Rate hikes may force a Butler County health insurance switch

A 24 percent health insurance hike and employee frustration with the health insurance carrier may prompt Butler County commissioners to switch providers and avoid the $4.1 million added expense.

The county went shopping for a new health insurance carrier after they were warned high claims could push their premiums over 10 percent. Rate increases in requests for proposals from eight companies ranged from 31.5 percent to 14.3 percent or $5.5 million to $2.5 million respectively.

The county’s consultant Horan is recommending the commissioners go with the lowest offering — total cost is almost $20 million — submitted by Medical Mutual of Ohio (MMO).

“We know at the end of the day it’s not always about cost, it’s about service,” Horan consultant Angela Wolfe told the commissioners Monday. “Which is why we took everything into account here.”

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Human Resources Director Laurie Murphy said the county is in the second year of a three-year deal with Meritain Health — a subsidiary of Aetna — as the third party administrator of the health insurance. She said the big rate hike is not the only thing prompting the commissioners to look around.

“Mostly the employee experience has not been what the commissioners want for the employees,” Murphy said. “There have been a lot of problems with the wellness portal and just employee frustration.”

If the commissioners make a switch, there will be a $50,912 penalty.

Last year the county went to a self-insurance model after several years of double-digit increases for insurance coverage. The prime-movers behind the rate hikes were some large once-in-a-lifetime claims over several years. They had a single $5 million claim in 2013 and a $3 million month in November of 2014.

Under the self-insured plan the county pays an administrative fee and the claims themselves. There is a stop-gap feature so if claims top the $175,000 mark the insurance carrier picks up the costs for anything over that amount. Last year the county had 19 claims top the stop-gap level compared to only two in 2016.

A couple months ago county officials said they were expecting health insurance costs to jump 10 percent next year for the county’s 1,350 insured employees. Murphy said through June they have paid $8.2 million in claims against a $17 million budget and the average weekly pay-out for claims was $316, 358 for the first six months.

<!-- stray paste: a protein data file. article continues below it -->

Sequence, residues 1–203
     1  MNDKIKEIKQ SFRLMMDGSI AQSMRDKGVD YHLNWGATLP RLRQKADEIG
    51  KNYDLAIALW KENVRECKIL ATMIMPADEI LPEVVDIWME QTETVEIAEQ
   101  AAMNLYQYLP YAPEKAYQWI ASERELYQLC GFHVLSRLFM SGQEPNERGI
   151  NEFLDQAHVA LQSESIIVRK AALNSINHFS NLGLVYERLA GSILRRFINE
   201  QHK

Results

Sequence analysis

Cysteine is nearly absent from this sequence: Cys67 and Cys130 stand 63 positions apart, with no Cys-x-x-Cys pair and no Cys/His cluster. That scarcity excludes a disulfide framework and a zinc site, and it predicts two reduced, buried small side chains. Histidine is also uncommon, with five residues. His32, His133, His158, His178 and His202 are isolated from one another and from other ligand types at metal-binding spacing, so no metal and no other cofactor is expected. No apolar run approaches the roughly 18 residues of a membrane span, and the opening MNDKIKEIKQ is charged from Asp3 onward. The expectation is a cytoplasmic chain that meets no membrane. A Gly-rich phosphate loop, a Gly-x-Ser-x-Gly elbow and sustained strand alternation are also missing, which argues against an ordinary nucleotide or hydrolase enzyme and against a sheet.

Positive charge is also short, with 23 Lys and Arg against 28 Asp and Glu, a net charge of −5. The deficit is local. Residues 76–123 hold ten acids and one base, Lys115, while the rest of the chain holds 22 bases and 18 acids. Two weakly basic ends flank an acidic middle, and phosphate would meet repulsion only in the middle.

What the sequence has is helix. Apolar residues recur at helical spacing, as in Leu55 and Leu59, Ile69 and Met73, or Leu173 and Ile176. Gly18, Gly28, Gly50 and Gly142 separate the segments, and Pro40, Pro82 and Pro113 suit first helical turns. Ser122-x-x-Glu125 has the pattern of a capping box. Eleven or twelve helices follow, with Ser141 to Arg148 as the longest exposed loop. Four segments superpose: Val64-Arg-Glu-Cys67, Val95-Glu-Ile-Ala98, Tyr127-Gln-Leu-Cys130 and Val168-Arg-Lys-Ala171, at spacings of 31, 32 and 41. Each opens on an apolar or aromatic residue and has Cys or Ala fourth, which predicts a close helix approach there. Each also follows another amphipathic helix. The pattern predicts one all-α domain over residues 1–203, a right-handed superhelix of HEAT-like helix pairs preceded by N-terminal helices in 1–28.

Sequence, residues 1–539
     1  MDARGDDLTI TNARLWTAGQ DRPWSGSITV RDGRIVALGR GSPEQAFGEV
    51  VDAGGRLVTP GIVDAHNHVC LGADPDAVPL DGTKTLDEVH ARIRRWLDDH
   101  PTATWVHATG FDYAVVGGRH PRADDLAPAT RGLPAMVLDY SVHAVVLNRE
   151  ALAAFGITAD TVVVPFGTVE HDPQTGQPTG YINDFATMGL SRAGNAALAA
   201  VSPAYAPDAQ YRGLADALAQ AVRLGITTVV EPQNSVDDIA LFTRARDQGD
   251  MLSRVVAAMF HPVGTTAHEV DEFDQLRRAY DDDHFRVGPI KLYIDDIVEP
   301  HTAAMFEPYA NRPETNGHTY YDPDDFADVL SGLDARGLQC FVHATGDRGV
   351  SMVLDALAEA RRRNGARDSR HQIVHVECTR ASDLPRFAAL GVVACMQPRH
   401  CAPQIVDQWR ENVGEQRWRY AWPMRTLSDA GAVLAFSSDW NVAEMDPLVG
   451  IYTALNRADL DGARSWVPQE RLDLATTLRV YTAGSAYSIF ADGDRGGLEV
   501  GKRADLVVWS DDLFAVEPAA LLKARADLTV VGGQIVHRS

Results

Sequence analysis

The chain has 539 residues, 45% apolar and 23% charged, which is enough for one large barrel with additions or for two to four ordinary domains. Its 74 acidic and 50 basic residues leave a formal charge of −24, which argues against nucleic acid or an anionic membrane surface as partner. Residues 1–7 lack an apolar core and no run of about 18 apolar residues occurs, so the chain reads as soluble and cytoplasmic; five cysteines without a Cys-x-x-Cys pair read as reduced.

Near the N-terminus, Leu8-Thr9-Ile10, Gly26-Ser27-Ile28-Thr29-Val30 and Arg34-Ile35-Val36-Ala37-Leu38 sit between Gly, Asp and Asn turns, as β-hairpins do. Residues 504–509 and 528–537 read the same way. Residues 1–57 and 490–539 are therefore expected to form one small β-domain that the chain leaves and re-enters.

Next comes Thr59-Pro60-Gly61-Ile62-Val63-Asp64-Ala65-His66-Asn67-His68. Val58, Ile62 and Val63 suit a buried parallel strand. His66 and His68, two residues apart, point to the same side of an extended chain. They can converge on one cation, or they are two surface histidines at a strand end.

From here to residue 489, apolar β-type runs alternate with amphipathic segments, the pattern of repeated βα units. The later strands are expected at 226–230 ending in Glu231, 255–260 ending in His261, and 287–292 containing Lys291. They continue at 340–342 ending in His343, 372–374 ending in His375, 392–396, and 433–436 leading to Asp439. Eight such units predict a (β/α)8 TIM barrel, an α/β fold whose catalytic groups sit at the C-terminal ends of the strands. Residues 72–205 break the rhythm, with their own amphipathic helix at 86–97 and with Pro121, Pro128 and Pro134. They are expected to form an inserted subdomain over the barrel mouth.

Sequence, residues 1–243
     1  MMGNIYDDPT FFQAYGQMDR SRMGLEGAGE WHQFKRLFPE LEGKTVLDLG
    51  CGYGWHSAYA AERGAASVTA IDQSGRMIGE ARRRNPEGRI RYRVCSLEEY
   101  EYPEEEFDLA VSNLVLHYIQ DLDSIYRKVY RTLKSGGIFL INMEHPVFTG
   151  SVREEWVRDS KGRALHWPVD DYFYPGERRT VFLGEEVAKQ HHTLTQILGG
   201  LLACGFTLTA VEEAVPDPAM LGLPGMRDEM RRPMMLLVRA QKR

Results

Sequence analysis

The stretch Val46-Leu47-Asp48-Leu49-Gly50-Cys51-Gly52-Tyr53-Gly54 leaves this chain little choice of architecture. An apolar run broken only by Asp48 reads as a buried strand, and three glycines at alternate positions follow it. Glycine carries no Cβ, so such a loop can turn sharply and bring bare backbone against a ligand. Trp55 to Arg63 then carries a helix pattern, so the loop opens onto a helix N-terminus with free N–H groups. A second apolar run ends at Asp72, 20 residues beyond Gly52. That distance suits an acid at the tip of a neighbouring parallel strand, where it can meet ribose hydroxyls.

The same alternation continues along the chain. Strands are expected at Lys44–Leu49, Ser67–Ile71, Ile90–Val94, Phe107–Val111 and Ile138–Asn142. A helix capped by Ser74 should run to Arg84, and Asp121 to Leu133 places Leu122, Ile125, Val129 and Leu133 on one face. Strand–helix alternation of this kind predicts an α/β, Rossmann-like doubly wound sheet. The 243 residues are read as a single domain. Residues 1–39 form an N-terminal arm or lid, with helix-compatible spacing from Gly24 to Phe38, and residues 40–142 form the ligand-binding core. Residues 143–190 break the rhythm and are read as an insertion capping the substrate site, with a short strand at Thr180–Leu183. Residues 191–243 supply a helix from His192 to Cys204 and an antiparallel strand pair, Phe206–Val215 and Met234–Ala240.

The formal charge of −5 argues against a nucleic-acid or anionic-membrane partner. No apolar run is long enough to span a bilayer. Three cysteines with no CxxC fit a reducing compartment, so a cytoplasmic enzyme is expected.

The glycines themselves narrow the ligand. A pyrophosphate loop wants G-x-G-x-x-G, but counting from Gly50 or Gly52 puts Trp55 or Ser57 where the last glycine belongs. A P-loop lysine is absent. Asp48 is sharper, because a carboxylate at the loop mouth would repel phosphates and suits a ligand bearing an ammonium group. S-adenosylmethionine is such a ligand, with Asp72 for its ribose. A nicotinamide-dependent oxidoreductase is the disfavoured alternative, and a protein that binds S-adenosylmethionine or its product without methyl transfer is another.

Earlier this year the county had to transfer $2.8 million into the insurance reserve to cover higher than expected claims.

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Commissioner Don Dixon said they look at health insurance as part of an employee’s compensation so they have to look at the whole picture, while still being mindful of who is paying these people.

“It is a big number but not near as big as it could have been,” Dixon said, noting they have “turned over every rock” they could to make sure they are getting the most cost effective plan possible. “I think we’ve got a good plan to make sure that our employees get the health insurance they need and our taxpayers are assured that they’re paying for what’s needed.”

In the past when the county has been hit with large rate increases the commissioners have not passed the hikes on to the employees. Commissioner T.C. Rogers said at this point they have not made decisions about employee contribution percentages or the other finer details.

“We’re still thinking the same thing,” Rogers said about the county absorbing the entire increase. “But there are limitations, so I’ll consider an increase because of the amount.”

The commissioners have asked Wolfe to get them some more information about the two top contenders for a potential new contract — Medical Mutual of Ohio and United Healthcare — before they make a choice.

“I didn’t get the sense with the Medical Mutual presentation that they were employee-centered,” Commissioner Cindy Carpenter said. “And I heard over and over again of the different ways that they cut costs by limiting services to the employees, so that is a big concern of mine, I want the employees to have what they have now, if not a better plan.”

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